Thursday, November 15, 2007


Internet Governance

A) Background. 2
B) The meaning of “Internet Governance”. 2
C) Issues at stake. 3
D) UNESCO’s mandate and principles and their link to Internet Governance. 3
E) UNESCO’s role in the debate over Internet Governance. 3


The Internet is a major opportunity to improve free flow of information and ideas throughout the world. Internet governance mechanisms should be based on the principle of “openness”, encompassing interoperability, freedom of expression in Knowledge Societies and measures to resist any attempt to censor content. There should be no changes in Internet governance mechanisms that impede the free flow of information and ideas on the Internet. The effect of these mechanisms should be to enable greater use of the Internet by citizens with diverse linguistic and cultural backgrounds.

A) Background

1. At the World Summit on the Information Society (WSIS) in Geneva in December 2003, Governments requested the UN Secretary-General to set up a Working Group on Internet Governance, to investigate and make proposals for action, as appropriate, on the governance of the Internet by 2005. The request for the creation of this working group resulted from the controversial discussion on Internet Governance during the WSIS preparatory phase, where a number of countries called for a stronger role for intergovernmental structures in this field, whereas others advocated the appropriateness of the strong influence of the private sector.

2. The history of the development of the Internet, which was self-governing for approximately 30 years, is highly relevant to the future debate. The result of the minimalist government intervention was an inherently private sector run infrastructure based on consensus. UNESCO appreciates that this is one of the key success factors of the Internet. The other prominent success factor is the openness of the medium with its function of enabling the free flow of information that makes it an inherently democratic and empowering force.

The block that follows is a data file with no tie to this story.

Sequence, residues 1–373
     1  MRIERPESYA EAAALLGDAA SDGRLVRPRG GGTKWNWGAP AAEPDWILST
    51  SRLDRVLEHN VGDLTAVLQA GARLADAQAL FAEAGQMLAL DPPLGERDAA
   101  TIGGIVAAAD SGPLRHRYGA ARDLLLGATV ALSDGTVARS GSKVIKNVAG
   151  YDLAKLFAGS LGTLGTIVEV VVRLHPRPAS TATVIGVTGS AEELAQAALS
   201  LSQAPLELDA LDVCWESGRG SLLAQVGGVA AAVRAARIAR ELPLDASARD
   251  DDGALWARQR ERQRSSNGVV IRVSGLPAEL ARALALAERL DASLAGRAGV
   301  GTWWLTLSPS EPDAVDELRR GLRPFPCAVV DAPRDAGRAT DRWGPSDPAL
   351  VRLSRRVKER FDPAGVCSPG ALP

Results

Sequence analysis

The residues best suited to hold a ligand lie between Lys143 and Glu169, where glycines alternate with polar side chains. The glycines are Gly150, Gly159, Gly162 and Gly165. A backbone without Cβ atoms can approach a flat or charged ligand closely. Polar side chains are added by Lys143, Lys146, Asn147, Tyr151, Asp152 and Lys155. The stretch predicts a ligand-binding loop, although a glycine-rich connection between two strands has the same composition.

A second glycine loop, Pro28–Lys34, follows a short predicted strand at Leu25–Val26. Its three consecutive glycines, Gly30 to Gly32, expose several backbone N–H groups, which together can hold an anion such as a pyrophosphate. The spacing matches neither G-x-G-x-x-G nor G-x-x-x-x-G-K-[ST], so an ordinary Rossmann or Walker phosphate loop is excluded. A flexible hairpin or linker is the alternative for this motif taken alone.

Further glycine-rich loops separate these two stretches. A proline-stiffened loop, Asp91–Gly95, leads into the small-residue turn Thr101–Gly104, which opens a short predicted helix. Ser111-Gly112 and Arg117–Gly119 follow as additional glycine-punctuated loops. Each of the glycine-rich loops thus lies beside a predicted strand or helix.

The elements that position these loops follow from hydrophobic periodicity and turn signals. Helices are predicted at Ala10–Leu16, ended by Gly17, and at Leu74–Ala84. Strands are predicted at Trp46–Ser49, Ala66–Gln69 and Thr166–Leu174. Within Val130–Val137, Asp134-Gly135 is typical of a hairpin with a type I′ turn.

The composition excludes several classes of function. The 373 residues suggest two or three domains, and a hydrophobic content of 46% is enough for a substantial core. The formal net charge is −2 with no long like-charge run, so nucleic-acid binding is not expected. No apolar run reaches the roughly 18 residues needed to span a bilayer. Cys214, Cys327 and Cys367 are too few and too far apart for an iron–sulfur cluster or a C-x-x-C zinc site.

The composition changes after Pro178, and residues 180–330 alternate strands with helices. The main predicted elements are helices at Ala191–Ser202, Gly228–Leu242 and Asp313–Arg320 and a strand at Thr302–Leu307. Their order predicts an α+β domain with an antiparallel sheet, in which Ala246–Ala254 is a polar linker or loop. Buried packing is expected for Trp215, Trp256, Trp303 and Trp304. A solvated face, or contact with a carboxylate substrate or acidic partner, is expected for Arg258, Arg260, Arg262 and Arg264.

B) The meaning of “Internet Governance”

3. UNESCO observes that the term “Internet Governance” has not yet been clearly defined. For some, it describes the narrow issue of the management of domain names and infrastructure that are presently administered by the Internet Corporation for Assigned Names and Numbers (ICANN), a private non-profit corporation under Californian Law. The prevailing tendency in the current debate, however, is to attribute to this term a much broader meaning comprising not only technical, but also ethical, societal and legal issues. Moreover, the term “Internet Governance” is misleading as it is laden with presumptions about governing approaches which for some may imply governmental involvement.

4. UNESCO supports the use of language in this debate that seeks to clarify, not entrench presumptions, advocating that discussants should qualify their positions by identifying what form of Internet Governance they are debating. In analyzing the range of “Internet Governance” issues, UNESCO considers it appropriate to break these down into categories or subsets and find the appropriate language to qualify them.

5. UNESCO advocates a precise and robust analysis of the perceived problems with the current mechanisms for Internet Governance before moving to “solutions”. Any measures to address these problems must examine the different types of Internet Governance.

C) Issues at stake

6. UNESCO observes that during the recent debate the range of issues has broadened significantly beyond technical matters to include societal, ethical and legal aspects. Many of the issues raised in this debate are considered by UNESCO to be of crucial importance to the future use of the Internet, particularly those impacting on the free flow of information, freedom of expression and recognition of cultural diversity (including multilingualism), on the Internet.